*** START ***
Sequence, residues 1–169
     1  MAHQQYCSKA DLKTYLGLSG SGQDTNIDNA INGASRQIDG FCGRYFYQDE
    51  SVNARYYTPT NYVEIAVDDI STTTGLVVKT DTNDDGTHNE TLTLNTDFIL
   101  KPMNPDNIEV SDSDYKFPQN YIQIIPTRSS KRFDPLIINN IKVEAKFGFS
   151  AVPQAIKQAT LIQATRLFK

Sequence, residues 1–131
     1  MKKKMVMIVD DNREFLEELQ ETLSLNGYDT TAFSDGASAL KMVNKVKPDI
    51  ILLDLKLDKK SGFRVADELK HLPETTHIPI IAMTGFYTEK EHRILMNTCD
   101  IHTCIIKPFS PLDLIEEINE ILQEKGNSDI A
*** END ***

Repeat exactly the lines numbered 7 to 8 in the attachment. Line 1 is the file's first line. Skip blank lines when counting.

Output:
     1  MKKKMVMIVD DNREFLEELQ ETLSLNGYDT TAFSDGASAL KMVNKVKPDI
    51  ILLDLKLDKK SGFRVADELK HLPETTHIPI IAMTGFYTEK EHRILMNTCD